The current and future role of Asean has recently been discussed among academic scholars, political analysts and Asean leaders. The challenges that Asean is facing, such as the South China Sea dispute, the humanitarian crisis in the Rakhine state in Myanmar and trans-boundary water resource governance in the Mekong, have posed a number of puzzling questions with regards to Asean’s centrality role in managing regional issues.
The main purpose of Asean is to maintain peace and stability in Southeast Asia through the mechanism of discussion and resolution during the Cold War period. Following its birth, Asean has moved beyond its original purpose to not only focus on security but also other fields of issues such as economic stability and prosperity and socio-cultural collaboration.
However, many scholars argue that Asean has encountered a number of challenges which retard Asean’s ability to effectively play its role in leading regional institution building. One of the main issues is the application of the traditional concept of “non-interference and consensus” or “the Asean Way”. The principles have been a big constraint for Asean’s decision-making process since the beginning of its inception.
One of the examples of the effects of non-interference principle is the issue in Myanmar. The crackdown of the Rohingya minority group by the military has seriously violated human rights. But Asean is not entitled or mandated to interfere in the issue due to the non-interference principle. The lack of consensus among the Asean member states has also caused a certain degree of diplomatic tension between Asean member states.
Another challenge that may prevent Asean from playing a leading role in the building of regional institutions is the influence of external actors especially China and the United States. Asean is geographically located in the center of a strategic competition between major powers. Amidst China’s growing power, Asean is facing a security dilemma in choosing between China and the United States. Some Asean members will likely be forced to take sides when the geopolitical tensions between Chin and the US mount.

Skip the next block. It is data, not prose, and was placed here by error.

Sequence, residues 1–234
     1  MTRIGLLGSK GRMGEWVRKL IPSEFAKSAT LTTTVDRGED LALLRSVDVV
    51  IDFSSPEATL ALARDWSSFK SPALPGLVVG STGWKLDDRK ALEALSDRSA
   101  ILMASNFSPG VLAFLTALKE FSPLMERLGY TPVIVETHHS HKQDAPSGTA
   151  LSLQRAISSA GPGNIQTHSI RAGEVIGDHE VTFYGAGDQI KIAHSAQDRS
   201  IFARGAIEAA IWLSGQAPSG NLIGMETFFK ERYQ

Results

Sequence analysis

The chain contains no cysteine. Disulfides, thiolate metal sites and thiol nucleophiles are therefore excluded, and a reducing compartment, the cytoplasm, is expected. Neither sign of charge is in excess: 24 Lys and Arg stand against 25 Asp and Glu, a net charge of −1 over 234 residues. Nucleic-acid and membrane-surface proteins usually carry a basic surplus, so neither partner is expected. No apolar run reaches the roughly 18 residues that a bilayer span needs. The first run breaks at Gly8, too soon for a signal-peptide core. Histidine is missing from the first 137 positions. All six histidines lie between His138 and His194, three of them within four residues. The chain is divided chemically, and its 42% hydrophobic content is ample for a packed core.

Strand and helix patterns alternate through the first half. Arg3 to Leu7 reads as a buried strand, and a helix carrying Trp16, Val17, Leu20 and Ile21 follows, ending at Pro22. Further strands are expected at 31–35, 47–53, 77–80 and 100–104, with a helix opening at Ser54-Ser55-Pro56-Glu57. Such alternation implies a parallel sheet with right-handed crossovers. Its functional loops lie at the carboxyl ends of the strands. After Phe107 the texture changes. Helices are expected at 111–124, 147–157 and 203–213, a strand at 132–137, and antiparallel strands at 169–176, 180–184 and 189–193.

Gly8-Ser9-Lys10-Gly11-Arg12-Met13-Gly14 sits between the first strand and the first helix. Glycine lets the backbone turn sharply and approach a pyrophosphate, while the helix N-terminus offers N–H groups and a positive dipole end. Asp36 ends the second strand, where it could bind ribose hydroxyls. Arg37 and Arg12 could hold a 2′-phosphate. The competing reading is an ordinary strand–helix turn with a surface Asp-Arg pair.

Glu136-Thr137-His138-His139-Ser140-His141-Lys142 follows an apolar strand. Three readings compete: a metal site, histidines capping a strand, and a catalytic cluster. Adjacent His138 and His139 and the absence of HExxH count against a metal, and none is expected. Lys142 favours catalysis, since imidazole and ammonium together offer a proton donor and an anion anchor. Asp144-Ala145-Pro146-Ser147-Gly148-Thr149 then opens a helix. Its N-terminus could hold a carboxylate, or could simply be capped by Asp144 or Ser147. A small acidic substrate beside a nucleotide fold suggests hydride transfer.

China’s increasing assertiveness in the South China Sea and its charm offensives towards the non-claimant states, especially Cambodia, Laos, Myanmar and Thailand, have caused a diplomatic split between the claimants and non-claimants. China will continue to influence the non-claimants to agree to the terms set by China in the negotiation process towards the realization of the Code of Conduct on the South China Sea. China’s strategic interest is not to see Asean stay united against China’s core national interests.
Regardless of strategic challenges and institutional shortcomings, Asean has been generally perceived as the most successful regional organization after the European Union. Asean has great potential to achieve more, especially in economic integration and development.
Asean has a population of more than 600 million of which most of them are working-age people. The young working-age population is expected to continue to grow until 2025. Furthermore, the middle-class population in Asean is expected to increase from more than 50 million in 2010 to about 100 million in 2020. Furthermore, Asean has a strong share of young consumers which account for about 27 percent or 160 million of the total consumers.
Asean is considered to be a model for building community cooperation. It is known to be a leading organization in forming community cooperation aiming at promoting people’s living standards, socio-economic development, peace and security and people-to-people links through “a community of caring societies”.
Asean has been praised for its leading role in building cooperation frameworks among its member states and between Asean and other actors. It has successfully brought a number of institutional cooperation frameworks under its initiatives which contribute significantly to regional integration and cooperation. For example, Asean Regional Forum (ARF), Asean Plus Three (APT) and East Asian Summit (EAS) were established under the initiatives of Asean. Many major countries have built dialogue partnerships with Asean including Australia, Canada, China, European Union, India, Japan, Republic of Korea, New Zealand, Russia and the United States. There are four sectoral partners including Pakistan, Norway, Switzerland and Turkey, and one development partner, Germany.
Asean needs to carry out reforms in order to stay relevant in shaping regional architecture and order. And it needs to consider addressing some challenges such as geopolitical rivalry between China and the US. Asean also needs to create measures that can prevent external influence and domination in its region and affairs. This may include the mechanism of collective hedging strategy that may retain the influence of major powers including China and the United States.
Saboeun Lourn is an Australia Awards scholar studying a Master of International Relations at the University of Queensland.